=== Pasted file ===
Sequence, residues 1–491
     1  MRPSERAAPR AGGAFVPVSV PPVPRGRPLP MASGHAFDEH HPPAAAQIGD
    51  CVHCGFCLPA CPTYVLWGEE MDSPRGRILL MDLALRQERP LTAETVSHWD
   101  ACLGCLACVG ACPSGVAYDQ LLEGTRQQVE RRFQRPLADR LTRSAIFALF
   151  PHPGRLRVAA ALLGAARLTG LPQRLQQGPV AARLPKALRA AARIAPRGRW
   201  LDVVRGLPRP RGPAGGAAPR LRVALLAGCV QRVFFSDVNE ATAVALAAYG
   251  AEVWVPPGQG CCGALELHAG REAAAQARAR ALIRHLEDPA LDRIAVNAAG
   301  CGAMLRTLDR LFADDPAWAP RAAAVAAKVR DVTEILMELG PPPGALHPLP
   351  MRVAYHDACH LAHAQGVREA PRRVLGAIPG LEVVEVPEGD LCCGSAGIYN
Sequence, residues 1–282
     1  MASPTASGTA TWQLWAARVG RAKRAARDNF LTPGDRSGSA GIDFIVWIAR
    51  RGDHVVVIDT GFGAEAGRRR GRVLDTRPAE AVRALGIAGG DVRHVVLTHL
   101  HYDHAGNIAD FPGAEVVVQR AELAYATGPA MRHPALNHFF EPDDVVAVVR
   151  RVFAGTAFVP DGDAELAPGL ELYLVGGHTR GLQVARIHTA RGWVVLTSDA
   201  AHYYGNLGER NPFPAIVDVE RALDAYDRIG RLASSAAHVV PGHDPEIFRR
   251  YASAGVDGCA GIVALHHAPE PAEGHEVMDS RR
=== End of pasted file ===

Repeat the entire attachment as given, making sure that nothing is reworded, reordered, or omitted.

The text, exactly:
Sequence, residues 1–491
     1  MRPSERAAPR AGGAFVPVSV PPVPRGRPLP MASGHAFDEH HPPAAAQIGD
    51  CVHCGFCLPA CPTYVLWGEE MDSPRGRILL MDLALRQERP LTAETVSHWD
   101  ACLGCLACVG ACPSGVAYDQ LLEGTRQQVE RRFQRPLADR LTRSAIFALF
   151  PHPGRLRVAA ALLGAARLTG LPQRLQQGPV AARLPKALRA AARIAPRGRW
   201  LDVVRGLPRP RGPAGGAAPR LRVALLAGCV QRVFFSDVNE ATAVALAAYG
   251  AEVWVPPGQG CCGALELHAG REAAAQARAR ALIRHLEDPA LDRIAVNAAG
   301  CGAMLRTLDR LFADDPAWAP RAAAVAAKVR DVTEILMELG PPPGALHPLP
   351  MRVAYHDACH LAHAQGVREA PRRVLGAIPG LEVVEVPEGD LCCGSAGIYN
Sequence, residues 1–282
     1  MASPTASGTA TWQLWAARVG RAKRAARDNF LTPGDRSGSA GIDFIVWIAR
    51  RGDHVVVIDT GFGAEAGRRR GRVLDTRPAE AVRALGIAGG DVRHVVLTHL
   101  HYDHAGNIAD FPGAEVVVQR AELAYATGPA MRHPALNHFF EPDDVVAVVR
   151  RVFAGTAFVP DGDAELAPGL ELYLVGGHTR GLQVARIHTA RGWVVLTSDA
   201  AHYYGNLGER NPFPAIVDVE RALDAYDRIG RLASSAAHVV PGHDPEIFRR
   251  YASAGVDGCA GIVALHHAPE PAEGHEVMDS RR